Tuesday, 31 January 2012

Mouse tale

This was years ago.  I was getting the wellies out of the garage for a trip to the caravan.  We kept one set of industrial socks in the wellies in those days, another in the yomping boots.  This mouse had found a nice cosy nesting place, with a plentiful supply of bedding which only required a small amount of shredding, in one of V's Hunters.  I don't know which of us was more surprised, me or the mouse - I'll never forget the expression on its face.  It certainly had the quicker reactions, though.  V was in the kitchen doorway just in time to see it scuttle away under the cooker.

By the time we got to Wales, there'd been some embellishment.
"The place is infested with voles," our friends were informed. 
"Mice, I think," I added sotto voce.
"Voles!"  Her voice dropped.  "It was not a mouse.  It was a vole.  Wasn't it."

When we got back home, there were skirmishes.  I didn't really want to murder the poor little beasties, but I didn't particularly want them crapping underneath the cooker either.  I got some of those humane traps, the ones where the quarry crawls in after the bait and it tips up so it can't get out again, and bought peanut butter specially.  Friends were generous with advice.
"You need to take them quite a long way away.  They have a range of about a quarter of a mile, like wasps."
"Well, why don't the sodding wasps sting the sodding mice to death, or the sodding mice eat the sodding wasps?"  I enquired.  (We had wasps as well at the time.)

Eventually I came down one morning and one of the traps was clattering around.  Aha.  I put it in the boot (not the welly, silly, the car) and drove it up to Prospect Park.  I opened the trap and gave it a shake, and sure enough something dropped out and scarpered into the undergrowth.
What still preys on my mind (though not in my kitchen) is that, as I watched it run, it didn't seem to have a tail.  I hadn't even opened the drawer where I keep the carving knife.  I didn't look inside the trap either.  I threw it into the bushes after the vole and went home.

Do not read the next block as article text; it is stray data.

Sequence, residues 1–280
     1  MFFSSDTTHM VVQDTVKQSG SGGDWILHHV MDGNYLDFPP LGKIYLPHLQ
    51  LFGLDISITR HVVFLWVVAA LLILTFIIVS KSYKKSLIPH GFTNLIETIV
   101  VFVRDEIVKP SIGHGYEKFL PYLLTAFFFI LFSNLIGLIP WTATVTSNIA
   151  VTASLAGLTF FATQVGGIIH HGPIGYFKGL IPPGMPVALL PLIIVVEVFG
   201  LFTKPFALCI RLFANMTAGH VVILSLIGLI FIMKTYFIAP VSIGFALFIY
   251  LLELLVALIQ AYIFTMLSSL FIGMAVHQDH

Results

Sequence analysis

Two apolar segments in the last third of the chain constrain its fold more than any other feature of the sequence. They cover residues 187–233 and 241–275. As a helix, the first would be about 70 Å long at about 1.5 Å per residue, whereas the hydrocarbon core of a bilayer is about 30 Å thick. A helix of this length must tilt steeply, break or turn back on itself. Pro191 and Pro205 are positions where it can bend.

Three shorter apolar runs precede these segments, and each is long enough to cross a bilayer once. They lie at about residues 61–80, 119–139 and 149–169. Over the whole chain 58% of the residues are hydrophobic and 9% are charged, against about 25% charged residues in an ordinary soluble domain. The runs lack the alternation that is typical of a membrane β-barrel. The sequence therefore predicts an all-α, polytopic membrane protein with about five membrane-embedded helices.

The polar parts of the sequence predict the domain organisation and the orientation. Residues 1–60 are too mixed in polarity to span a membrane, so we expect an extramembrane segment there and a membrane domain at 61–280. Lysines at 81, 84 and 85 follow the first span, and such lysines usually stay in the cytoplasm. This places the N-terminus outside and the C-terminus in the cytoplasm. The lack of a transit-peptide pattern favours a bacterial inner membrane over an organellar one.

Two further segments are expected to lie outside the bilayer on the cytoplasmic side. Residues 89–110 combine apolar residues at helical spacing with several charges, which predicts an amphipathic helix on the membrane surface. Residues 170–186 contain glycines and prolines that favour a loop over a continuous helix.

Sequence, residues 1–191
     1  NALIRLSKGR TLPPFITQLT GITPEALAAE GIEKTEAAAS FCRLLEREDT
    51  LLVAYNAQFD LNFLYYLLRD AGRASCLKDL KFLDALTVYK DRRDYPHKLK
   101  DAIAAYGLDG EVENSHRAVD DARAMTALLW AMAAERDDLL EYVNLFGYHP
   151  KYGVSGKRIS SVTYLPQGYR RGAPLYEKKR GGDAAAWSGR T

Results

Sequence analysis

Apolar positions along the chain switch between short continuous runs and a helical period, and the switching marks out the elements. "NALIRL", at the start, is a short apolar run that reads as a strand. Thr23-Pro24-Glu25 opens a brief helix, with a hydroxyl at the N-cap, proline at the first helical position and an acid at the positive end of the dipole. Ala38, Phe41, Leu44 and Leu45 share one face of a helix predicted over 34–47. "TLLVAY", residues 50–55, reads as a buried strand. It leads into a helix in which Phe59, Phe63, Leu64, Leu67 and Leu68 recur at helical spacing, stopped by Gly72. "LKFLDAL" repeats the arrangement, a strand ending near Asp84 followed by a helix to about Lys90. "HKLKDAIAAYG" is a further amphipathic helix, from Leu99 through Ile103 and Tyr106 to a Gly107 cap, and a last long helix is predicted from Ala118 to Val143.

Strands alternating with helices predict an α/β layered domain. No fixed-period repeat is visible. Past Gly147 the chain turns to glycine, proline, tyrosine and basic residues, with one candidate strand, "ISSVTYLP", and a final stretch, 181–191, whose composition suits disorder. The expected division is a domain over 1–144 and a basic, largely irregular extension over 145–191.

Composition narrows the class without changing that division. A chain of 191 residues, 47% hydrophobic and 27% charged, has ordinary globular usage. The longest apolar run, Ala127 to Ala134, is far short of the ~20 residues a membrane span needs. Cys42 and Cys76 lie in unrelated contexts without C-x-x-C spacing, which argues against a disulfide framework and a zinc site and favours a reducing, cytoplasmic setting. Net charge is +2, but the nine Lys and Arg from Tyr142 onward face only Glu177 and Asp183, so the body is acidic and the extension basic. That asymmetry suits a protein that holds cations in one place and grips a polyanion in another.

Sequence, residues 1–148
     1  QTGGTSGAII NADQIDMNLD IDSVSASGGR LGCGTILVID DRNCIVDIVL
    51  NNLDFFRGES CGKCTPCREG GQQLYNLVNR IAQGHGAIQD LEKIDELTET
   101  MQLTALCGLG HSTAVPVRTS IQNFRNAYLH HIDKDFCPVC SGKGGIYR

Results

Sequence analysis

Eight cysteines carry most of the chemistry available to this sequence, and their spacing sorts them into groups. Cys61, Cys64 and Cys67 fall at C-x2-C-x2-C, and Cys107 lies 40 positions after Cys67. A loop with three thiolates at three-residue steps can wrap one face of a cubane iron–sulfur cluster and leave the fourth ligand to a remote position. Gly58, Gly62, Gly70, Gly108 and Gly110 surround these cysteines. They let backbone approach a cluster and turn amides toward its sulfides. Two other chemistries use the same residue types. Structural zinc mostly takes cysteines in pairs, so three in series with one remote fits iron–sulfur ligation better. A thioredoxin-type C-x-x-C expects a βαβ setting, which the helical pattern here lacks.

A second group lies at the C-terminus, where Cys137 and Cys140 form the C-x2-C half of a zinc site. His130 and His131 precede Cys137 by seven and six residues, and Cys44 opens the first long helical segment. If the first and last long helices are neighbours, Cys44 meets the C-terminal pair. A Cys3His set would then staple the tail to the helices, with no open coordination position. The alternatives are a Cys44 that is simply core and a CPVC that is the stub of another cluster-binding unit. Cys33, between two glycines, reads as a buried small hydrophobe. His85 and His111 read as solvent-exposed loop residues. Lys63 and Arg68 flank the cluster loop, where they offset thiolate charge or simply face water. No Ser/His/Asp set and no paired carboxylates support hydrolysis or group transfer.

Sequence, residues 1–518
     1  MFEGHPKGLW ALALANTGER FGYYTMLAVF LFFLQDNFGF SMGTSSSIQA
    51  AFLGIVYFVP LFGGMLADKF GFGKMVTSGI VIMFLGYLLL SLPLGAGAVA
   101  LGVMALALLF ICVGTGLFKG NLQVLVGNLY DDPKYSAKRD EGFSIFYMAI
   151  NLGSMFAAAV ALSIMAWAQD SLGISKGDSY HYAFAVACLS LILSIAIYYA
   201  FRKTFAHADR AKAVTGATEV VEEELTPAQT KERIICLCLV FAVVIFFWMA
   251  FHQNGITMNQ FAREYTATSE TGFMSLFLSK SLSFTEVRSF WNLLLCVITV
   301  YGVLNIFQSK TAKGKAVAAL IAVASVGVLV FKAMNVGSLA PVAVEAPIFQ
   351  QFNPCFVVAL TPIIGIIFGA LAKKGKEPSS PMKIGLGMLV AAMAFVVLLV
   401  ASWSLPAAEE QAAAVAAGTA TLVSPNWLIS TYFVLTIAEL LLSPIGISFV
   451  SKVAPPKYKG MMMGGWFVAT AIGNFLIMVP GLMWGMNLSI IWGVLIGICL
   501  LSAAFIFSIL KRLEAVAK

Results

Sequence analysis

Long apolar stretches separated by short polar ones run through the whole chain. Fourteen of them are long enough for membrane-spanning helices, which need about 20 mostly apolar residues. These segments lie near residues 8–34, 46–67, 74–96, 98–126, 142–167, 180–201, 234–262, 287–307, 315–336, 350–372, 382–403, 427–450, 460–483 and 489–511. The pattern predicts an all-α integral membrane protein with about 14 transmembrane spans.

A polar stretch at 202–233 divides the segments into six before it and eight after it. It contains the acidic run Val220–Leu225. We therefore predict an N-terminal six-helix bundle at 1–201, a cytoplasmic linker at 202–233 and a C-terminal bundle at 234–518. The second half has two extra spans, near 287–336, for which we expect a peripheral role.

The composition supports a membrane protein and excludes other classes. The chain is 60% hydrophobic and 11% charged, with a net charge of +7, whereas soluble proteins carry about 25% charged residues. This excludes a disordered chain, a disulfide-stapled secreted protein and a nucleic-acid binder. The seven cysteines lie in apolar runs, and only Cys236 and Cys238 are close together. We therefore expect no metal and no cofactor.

1. Humane traps are for wimps, dear heart. A true pioneer catches mice (or voles) in his (or her) bare hand.

  2. I'll remember that tip next time. (I'm obviously a true wimp. But I'd like to see a pioneer get his/her hand under my cooker.)

  3. Broom handle or bamboo cane. Have a cushion ready. Drop over fleeing mouse, reach under cushion, take firm hold. The mouse will bite, but its little teeth hardly pierce the skin, so nothing to worry about.

  4. Sounds like a good party game ...

  5. Having Voles sound so much more Waitrose but mice are really quite Aldi or Morrisons.

  6. I'm also a wimp. Several years ago, when we were living in Cornwall, I set a humane trap and baited it with some pork crackling. Within an hour, the trap was sprung by a small rodent. I ended up yomping across the fields to the rear of our cottage, setting the little fella free, before trashing the trap.

  7. The important thing about using the humane trap is remembering to check it.
    Important for the trapee anyway.

  8. No tail? Did it also have dark glasses and a little white stick?

  9. OK, now can anyone source me an inhumane squirrel trap? Pref with built-in guillotine. The bastards are starving my birds and costing me a fortune in seed.

  10. I've taken note of the party game idea. Thank you.

    Shooting squirrels is a good way to deter them, I find.

  11. I usually use a dustpan and brush.

    We had a mouse in the bathroom, years ago. It ran along the pipes, watched us bathing for a bit and then disappeared. We put down a trap which caught the mouse by one leg. Barney put it outside in the garden. A couple of days later, a mouse limped along the pipes in the bathroom, gave me a dirty look and disappeared.

  12. So I had rats, Rog. What are they? Costco?